Researcher Denise Faustman, MD, Ph D, wants to find a cure to type 1, but funding is slow in coming.

By: John Parkinson, Clinical Content Coordinator

Dr. Denise Faustman (pictured) understands the practicalities and the subsequent shortcomings of the research paradigm today.

In 2001, her lab reported they had reversed end-stage type 1 diabetes in mice by using Bacillus Calmette-Guerin (BCG) vaccine, an inexpensive generic drug. “The data was better than we ever expected it to be,” says Dr. Faustman of her pre clinical trial work.

Previously, Faustman’s lab as well as some other labs had showed that they could eliminate the abnormal white blood cells in mice and people with type 1 diabetes by temporarily elevating levels of an immune modulator called tumor necrosis factor (TNF). BCG was known to raise TNF levels in humans as it was already on the market and indicated as a tuberculosis vaccination and treatment for bladder cancer. Another appeal, says Dr. Faustman was that the drug already had a long safety record going back several years.

In the ten years since that promising report on animal models, Faustman and her lab just completed phase I human clinical trials last summer. In phase I, the trial showed that low-dose, multiple BCG vaccinations were safe in people with type 1 diabetes.

Today, her lab is in a holding pattern as she awaits sufficient funding to carry out phase II of the trials. Thus far, they have secured $5.5 million of the $8.5 million budget needed.

They have had only one major donor, the Iacocca Foundation, which was developed by the former Chrysler CEO, Lee Iacocca, after his wife died several years ago from type 1 diabetes complications. “This doesn’t fit into the normal circle of life,” acknowledges Dr. Faustman, of her project. “When you go forward with a philanthropic project, you don’t go to the normal players you go to for money. “

It is because of this long, slow process of raising money that Dr. Faustman, who is director of the immunobiology laboratory at the Massachusetts General Hospital and an associate professor of medicine at Harvard Medical School, empathizes with people who are struggling with type 1 diabetes. For those afflicted with this autoimmune disease, it does not appear that medical science is making any inroads into finding a cure, especially when many of these patients have been hearing for years a cure would have been discovered by now. And that underlying frustration can be found in recent diabetes blogs, newsletters, and Dr. Faustman herself.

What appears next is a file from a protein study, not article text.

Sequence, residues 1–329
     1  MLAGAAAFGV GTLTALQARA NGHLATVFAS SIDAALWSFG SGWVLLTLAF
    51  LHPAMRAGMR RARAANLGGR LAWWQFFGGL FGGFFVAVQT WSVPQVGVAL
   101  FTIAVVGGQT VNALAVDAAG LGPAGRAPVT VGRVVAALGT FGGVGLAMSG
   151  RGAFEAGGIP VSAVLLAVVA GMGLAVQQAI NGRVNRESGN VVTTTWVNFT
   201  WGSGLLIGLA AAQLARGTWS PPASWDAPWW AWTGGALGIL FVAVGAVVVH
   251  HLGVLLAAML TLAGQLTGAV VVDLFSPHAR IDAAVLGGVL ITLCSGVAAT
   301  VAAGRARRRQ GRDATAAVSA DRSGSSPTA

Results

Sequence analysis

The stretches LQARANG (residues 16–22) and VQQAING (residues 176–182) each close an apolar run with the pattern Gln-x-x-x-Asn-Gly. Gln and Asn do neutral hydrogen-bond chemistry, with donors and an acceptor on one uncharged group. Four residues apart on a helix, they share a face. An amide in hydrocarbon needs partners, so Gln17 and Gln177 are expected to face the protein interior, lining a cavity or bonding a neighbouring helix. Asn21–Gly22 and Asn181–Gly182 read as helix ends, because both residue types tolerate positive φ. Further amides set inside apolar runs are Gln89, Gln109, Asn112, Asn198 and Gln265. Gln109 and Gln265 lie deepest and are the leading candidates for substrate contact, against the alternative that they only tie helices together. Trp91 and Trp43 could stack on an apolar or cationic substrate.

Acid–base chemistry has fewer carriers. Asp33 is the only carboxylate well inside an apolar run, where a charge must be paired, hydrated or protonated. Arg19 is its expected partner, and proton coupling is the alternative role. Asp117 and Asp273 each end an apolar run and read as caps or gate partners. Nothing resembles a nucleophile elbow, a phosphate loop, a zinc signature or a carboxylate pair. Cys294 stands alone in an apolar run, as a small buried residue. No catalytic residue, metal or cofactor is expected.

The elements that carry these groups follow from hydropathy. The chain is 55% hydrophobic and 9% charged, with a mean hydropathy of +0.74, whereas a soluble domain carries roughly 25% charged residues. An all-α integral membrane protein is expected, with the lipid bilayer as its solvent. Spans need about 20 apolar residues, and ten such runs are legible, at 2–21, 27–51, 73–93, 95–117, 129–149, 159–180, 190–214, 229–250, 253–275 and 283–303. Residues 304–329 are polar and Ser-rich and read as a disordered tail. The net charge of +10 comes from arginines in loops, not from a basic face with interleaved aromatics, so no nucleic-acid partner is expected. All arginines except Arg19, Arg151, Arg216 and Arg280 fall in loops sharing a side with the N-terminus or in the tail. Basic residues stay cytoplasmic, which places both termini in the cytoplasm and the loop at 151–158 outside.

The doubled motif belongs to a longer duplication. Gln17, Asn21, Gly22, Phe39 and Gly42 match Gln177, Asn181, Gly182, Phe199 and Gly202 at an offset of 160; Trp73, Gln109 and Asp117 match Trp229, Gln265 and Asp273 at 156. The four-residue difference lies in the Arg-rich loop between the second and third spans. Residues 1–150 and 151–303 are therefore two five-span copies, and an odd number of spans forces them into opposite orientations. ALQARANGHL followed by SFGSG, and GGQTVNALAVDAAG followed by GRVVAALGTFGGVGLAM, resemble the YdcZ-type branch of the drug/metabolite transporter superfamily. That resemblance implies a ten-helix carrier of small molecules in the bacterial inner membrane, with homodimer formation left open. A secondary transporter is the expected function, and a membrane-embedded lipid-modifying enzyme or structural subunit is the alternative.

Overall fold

She also understands the nuances associated with the research. There are no guarantees of success in the end—quite the contrary actually. Scientists could spend years toiling away in research that does not result in a cure or treatment for a disease. Additionally, Dr. Faustman also knows that in order to bring a new drug to market, it would cost hundreds of millions, if not a billion dollars, so there is a reluctance on the part of pharmaceutical companies to invest so much money and end up with nothing to show for its investment.

And with the same ability to understand peoples’ frustrations as well as her peers’ reluctance to go down the road of this research, she can be equally critical of the scientific community overall for the lack of human trials in diabetes type one research. Whereas, there is a lot research done in this area on animal models with subsequent papers written, Dr. Faustman says it does not translate into very many human clinical trials.

Dr. Faustman has been involved with autoimmune research for a number of years. She has been part of some important discoveries including introducing modifying antigens on donor tissues to prevent rejection. This is being studied in human clinical trials for diverse human diseases treatable with cellular transplants. “Some of the strongest support for what we are doing [in diabetes research] comes from data of other autoimmune diseases,” stresses Dr. Faustman.

Weary that the promise has been made before, and understanding the research process, Dr. Faustman still does see the potential for a diabetes cure. “I would like to think it is feasible,” says Dr. Faustman. She believes people outside the scientific community can put more pressure to bear on medical science by demanding more human trials to move the possibility of a cure along. “Make [researchers] more accountable for their data,” says Dr. Faustman.

For now, Dr. Faustman’s work requires her to go back and forth between fundraising and research. “The research is the fun part, acknowledges Dr. Faustman. “Raising money is hard.”

To find out more about Dr. Faustman’s research, go to

Originally posted by on April 11, 2011.